New 20mph speed limits welcomed by town but drivers are ignoring them

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So far the programme has been introduced across three towns in Cornwall – Falmouth, Penryn and Camelford. Locals in Penryn feel drivers are still “flying past” – especially along the main high street where an existing 20mph limit already exists.

These are the first of 700 roads across the county due to get them, reports Cornwall Live.

The change to the roads by Cornwall Council has been introduced to make them safer for pedestrians and to encourage more people to walk and cycle.

Proposals went out to public consultation during March and April of this year and received support from local communities with 76% of those who responded in Falmouth and Penryn saying they were in favour.

Despite the work that has gone into implementing the new default speed limit, many feel they are being ignored by motorists and will continue to be unless paired with speed cameras.

Others feel hardly anyone takes notice of the new signs – especially on Treliever Road where it changes straight from 40mph to 20mph – because they are so small.

Here is what a few of the locals had to say.

Jessica Griffin, who works as a barmaid at The Thirsty Scholar, said she still sees people “flying past” the pub.

The 28-year-old, who has lived in Penryn her whole life, explained there is a real need for more to be done in order to stop people speeding.

Referring to a recent tragedy when a local woman died after being hit by a van as she crossed a road, she said: “I’ve got a daughter who is just about to start walking to school, and after hearing about the incident by Tremough, I definitely think it is really important people stick to the speed limit.

“I live on one side of Penryn and my daughter is at school on the other side.

“She’s going to be crossing these roads and it would make me much more comfortable if people abided by the 20mph limit.

“A lot of towns have those signs that tell you when you are going too fast which Penryn doesn’t.

“I think it would make a huge difference – especially along the road just before you get to the main street to slow people down.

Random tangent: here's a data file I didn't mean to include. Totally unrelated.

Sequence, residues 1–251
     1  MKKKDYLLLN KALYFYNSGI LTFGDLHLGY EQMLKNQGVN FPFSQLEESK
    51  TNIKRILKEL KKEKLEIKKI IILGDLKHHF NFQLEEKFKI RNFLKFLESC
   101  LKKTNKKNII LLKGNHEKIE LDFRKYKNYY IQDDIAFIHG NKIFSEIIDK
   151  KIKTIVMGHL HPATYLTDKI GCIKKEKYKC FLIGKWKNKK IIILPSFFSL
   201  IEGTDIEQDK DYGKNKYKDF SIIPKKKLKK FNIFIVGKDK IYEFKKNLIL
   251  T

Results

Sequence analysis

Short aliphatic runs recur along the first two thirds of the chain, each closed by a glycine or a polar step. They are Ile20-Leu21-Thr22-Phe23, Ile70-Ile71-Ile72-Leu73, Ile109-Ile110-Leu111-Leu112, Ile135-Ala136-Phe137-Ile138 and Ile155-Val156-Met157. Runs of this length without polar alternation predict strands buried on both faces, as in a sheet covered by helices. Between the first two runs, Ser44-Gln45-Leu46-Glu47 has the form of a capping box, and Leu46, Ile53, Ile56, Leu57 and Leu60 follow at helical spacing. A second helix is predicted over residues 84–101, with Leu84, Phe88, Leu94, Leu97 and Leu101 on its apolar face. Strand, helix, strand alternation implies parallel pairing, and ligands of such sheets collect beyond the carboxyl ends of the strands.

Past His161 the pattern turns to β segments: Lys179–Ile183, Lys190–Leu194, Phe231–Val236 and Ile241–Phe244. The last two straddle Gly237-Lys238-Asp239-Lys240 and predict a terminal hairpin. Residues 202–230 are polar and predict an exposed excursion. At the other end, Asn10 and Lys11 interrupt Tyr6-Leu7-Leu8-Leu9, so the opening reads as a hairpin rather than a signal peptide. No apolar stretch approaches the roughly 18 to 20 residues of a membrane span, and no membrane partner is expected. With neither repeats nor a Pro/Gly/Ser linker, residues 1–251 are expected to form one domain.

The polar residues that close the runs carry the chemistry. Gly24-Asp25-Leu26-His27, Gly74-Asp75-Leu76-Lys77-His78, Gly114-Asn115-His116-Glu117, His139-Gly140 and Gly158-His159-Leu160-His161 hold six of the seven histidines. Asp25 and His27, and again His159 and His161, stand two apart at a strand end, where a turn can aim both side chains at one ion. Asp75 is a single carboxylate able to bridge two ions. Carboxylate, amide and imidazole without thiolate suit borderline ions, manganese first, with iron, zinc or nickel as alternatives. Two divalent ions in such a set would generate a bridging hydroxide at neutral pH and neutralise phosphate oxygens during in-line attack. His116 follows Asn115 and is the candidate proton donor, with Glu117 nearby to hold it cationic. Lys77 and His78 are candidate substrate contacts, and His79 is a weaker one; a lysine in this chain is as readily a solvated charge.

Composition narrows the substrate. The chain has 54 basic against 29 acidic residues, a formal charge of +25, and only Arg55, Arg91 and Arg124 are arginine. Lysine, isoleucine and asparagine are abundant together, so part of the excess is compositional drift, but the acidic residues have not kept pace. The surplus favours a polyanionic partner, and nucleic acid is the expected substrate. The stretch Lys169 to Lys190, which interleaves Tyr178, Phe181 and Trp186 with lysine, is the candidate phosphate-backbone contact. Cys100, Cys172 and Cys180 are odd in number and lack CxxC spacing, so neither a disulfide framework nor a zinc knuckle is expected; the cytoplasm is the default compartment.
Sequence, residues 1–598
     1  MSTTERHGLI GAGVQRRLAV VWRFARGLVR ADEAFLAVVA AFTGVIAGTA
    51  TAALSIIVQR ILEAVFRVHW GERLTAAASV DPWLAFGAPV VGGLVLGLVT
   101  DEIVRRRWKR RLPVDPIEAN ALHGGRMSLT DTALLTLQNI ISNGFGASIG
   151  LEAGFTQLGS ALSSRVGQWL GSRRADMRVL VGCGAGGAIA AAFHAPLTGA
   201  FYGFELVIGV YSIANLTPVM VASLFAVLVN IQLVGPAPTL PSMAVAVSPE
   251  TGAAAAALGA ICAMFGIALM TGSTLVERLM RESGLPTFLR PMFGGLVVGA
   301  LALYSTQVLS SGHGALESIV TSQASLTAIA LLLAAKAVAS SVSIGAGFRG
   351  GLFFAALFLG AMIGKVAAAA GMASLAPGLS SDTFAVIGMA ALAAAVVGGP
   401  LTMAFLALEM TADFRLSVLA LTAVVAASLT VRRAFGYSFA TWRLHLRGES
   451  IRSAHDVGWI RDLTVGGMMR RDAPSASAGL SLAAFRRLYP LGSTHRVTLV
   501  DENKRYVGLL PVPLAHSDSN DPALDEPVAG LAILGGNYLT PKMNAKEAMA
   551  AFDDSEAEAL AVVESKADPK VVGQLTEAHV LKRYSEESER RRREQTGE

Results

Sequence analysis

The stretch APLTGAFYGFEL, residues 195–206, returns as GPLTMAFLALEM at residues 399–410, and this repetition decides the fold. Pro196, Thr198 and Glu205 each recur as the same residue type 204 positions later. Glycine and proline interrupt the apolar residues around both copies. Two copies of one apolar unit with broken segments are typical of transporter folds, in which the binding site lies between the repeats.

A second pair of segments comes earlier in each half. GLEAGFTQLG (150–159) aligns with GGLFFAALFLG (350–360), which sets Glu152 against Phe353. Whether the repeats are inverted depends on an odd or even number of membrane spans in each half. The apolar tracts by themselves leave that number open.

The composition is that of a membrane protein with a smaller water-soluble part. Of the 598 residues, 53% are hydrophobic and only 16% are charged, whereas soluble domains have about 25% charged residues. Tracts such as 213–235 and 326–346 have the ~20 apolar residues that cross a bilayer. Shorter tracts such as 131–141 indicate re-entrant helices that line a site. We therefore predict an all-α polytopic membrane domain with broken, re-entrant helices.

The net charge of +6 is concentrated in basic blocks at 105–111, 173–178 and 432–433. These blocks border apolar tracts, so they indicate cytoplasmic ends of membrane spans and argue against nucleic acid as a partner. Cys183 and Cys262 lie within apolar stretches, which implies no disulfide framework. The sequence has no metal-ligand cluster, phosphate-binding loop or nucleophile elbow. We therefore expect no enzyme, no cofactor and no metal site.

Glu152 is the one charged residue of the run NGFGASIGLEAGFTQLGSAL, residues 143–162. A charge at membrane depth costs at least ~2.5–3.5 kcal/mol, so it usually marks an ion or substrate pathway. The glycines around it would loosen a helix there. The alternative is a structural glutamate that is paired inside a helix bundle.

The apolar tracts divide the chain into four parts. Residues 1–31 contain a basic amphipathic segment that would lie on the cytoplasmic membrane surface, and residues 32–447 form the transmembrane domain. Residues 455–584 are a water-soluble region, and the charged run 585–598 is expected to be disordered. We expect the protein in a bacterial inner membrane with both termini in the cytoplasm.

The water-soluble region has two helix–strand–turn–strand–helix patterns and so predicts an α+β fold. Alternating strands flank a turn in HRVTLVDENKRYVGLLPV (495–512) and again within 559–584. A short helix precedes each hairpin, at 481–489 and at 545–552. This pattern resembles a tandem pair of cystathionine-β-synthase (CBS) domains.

“I think people are very accustomed to the roads and do what they please.

“If they think they are going to be caught by speed cameras then it’s going to be much more likely that they are going to slow down.”

Marc Bosch, general manager at the Seven Stars, was full of enthusiasm when asked about the new speed limit.

He said: “I think introducing a 20mph speed limit is a good idea because people drive down here [Penryn] way too fast.

“They don’t stop at the pedestrian crossing and a lot of people park on the zigzags so when people are crossing, cars can’t see them.

“I’ve almost been hit twice. Put the speed cameras up.”

Gaynor Tresidder, owner of Diva Hair & Beauty, and her employee Danika Trenoweth both feel people aren’t sticking to the new 20mph limit as it is unnecessary in certain areas.

Gaynor said: “I definitely think the high street needs to be 20mph, but I don’t think it needs to be before West Street.”

Dankia agreed adding: “It’s not so bad going down the high street, it’s when people are coming up – they absolutely fly up the road. Nobody sticks to the 20mph speed limit.

“They need to do something else to make people stick to it in the high street.

“But personally, I think they should change it back to 30mph on Treliever Road.

“Going straight from 40mph to 20mph is a bit much, but I can see why they’ve done it as the students walk along that road.”

The message from Penryn residents was clear – the new speed limits are not slowing anyone down.

Many complained motorbikes are the predominant issue as they whiz on through the speed humps, while others suggested Cornwall Council should focus more on creating car parks for small towns like Penryn.

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